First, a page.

A 2020 Christmas: Still Merry
I’ve never been good at making predictions. I don’t know when to pack an umbrella. I’m not good at picking the Derby winner, and I definitely can’t tell when my 7-year-old will eat his vegetables at dinner. The good news is, there’s one event I can predict: the holidays. My holidays have played out in the same cozy way for decades. This year, however, it looks like even that’s changing. I couldn’t have predicted how the year 2020 would change everything, and I’m not sure how I’m supposed to roll with all this change.
It’s been my tradition to spend the holidays with my family. My parents, husband, grandmother, and I sit around the kitchen table watching my sister take her annual bite of pumpkin pie. We wait anxiously to see if this is the year she likes it. Nope. It’s not. My holiday has been this way for decades — but not this year. My sister, her husband, and toddler won’t be flying into town. My grandmother’s nursing home has closed its doors to visitors due to COVID-19 safety precautions. The holidays are changing.
Louisville resident Janet Buckman and her family are also on the road to revising their plans. “Usually we go to my sister’s, but this year it’s definitely changing.” For many years Janet has had a lively dinner with 25 to 30 family members, but all of her family is “doing a different thing this year.” Social distancing, staying in family pods, and making choices to keep older family members safe are all reasons plans are shifting.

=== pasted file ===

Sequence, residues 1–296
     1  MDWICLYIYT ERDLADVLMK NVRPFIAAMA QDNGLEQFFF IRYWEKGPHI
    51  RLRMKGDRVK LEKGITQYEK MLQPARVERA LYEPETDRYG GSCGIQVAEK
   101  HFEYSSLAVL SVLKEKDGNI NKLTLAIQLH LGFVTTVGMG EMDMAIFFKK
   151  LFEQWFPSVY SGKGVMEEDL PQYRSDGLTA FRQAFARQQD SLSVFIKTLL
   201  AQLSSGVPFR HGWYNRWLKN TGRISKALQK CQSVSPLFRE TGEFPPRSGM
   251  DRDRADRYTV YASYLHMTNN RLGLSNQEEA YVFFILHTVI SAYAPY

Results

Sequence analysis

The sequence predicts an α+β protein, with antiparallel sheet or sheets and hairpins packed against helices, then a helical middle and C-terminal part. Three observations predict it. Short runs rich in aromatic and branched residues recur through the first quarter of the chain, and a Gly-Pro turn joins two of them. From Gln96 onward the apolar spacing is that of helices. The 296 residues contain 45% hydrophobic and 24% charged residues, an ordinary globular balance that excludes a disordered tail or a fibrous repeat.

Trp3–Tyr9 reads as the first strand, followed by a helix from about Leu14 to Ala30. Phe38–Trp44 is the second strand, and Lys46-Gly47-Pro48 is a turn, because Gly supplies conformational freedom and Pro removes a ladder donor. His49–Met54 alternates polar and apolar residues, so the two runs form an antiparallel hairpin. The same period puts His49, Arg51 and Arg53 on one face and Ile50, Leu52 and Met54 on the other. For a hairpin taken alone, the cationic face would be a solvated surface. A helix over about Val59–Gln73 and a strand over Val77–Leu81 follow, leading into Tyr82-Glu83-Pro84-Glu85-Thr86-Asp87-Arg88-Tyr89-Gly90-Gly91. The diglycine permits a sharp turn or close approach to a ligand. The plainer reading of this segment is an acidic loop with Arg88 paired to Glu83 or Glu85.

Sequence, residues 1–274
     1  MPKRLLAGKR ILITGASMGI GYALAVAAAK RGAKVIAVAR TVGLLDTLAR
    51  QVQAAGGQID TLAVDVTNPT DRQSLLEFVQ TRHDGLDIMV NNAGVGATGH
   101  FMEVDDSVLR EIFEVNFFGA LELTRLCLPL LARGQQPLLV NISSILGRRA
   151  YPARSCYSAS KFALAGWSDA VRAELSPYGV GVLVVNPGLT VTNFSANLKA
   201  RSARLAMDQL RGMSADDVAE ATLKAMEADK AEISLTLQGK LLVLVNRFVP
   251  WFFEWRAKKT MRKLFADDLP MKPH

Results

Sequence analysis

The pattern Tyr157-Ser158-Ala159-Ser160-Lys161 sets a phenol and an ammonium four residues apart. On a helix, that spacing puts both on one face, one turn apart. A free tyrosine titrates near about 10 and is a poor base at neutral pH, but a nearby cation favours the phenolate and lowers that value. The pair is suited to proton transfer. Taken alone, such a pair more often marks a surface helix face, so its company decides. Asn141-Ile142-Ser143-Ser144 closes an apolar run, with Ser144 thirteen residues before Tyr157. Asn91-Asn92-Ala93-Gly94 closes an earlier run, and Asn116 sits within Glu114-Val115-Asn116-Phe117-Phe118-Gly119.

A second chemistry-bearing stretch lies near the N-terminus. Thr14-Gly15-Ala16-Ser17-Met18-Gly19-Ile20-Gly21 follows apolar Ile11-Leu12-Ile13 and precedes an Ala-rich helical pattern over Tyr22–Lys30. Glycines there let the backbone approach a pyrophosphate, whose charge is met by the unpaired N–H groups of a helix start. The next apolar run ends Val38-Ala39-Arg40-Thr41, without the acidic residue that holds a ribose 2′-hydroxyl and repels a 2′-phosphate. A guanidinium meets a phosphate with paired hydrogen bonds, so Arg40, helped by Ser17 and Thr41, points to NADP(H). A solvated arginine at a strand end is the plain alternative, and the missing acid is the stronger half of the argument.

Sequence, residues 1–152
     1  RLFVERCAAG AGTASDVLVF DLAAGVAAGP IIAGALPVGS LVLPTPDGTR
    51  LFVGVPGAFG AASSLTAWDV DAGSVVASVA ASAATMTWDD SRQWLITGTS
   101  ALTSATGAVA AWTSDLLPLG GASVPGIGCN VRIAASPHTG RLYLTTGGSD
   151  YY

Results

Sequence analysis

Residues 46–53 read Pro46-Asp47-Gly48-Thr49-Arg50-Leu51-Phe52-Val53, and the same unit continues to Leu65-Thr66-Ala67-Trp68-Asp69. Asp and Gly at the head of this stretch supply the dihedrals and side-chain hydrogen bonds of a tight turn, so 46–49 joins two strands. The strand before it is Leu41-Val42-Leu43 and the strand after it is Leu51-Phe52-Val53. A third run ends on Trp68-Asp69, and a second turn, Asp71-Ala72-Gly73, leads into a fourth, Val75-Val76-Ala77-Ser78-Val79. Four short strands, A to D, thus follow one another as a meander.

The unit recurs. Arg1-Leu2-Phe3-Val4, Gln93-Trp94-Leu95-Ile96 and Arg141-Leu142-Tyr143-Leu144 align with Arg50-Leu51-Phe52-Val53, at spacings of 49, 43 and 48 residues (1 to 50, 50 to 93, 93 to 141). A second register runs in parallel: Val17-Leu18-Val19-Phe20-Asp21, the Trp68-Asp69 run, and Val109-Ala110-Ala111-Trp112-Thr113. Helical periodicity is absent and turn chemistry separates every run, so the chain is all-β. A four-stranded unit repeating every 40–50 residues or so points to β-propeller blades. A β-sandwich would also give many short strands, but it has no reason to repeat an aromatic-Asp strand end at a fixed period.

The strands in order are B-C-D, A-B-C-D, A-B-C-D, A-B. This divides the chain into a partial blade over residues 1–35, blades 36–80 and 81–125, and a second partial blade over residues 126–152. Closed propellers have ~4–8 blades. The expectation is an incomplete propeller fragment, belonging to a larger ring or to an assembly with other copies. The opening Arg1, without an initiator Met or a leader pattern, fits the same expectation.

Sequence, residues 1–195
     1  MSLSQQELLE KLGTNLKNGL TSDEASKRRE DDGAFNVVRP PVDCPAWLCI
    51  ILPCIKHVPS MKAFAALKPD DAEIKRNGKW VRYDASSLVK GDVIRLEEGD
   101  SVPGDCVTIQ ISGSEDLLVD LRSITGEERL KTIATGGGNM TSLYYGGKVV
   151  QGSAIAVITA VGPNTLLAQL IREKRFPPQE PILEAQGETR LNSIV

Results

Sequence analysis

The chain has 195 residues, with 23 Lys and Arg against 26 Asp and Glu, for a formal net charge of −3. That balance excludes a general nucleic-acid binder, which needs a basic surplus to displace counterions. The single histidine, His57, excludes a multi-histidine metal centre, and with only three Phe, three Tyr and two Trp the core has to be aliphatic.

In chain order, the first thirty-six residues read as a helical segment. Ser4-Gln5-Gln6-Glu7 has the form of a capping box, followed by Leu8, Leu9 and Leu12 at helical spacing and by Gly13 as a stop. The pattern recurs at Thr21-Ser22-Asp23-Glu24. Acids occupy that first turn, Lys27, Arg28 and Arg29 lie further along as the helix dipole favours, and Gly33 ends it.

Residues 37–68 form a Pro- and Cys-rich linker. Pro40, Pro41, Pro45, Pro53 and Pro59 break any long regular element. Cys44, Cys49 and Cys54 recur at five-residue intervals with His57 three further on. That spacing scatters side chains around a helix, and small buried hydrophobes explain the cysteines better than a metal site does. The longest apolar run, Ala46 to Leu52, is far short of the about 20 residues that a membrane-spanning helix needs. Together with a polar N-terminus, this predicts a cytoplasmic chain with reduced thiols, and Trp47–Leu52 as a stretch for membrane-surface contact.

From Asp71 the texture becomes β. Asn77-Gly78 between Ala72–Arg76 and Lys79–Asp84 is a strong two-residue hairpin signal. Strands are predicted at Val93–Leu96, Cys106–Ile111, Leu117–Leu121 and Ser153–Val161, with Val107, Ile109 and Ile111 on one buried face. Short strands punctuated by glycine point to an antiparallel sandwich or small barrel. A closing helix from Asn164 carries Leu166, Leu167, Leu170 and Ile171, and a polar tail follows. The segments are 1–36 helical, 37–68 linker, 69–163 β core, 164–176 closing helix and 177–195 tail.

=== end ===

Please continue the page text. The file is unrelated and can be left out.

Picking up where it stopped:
The same holds true with Louisvillian Andrea Maddux O’Brien and her family. “Normally on Christmas Eve my husband, my kids, and I all go to my in-laws.” Andrea says it can be so crowded “that you don’t want to leave your seat because you might not get it back…it’s so funny.” Recently, she said, “I came to the realization that it’s not going to happen the way it normally does” because, even though it’s been a hard call, it has become crucial for them to incorporate social distancing practices into their holiday event.
As for me, with all the change in traditions, I don’t feel all that jolly. The consistency of my traditions grounds me in my childhood. I feel connected to beloved family members that have passed or even holidays long ago where the magic of the season was more present within me. What can I create that’s new that will still give me that same feeling of connection?
Janet is taking the connection she feels through her family’s recipes and adding that ingredient to her new tradition. “I’m going to cook for the three of us.” She decided to cook up all of their traditional dishes and her family will use the magic of technology to have a virtual meal together. “It’s the safe way to do it,” she says. Andrea’s family is planning to visit each other in shifts to limit the number of people and allow enough room for social distancing.
My family will be creating some new traditions. I plan on inundating my grandmother with too many handmade holiday cards, and I’m even going to try my hand at one of her famous recipes. This year, though, I’ll have to watch my sister take her annual bite of pumpkin pie via video chat. But who knows? Maybe it will finally be the year she likes it.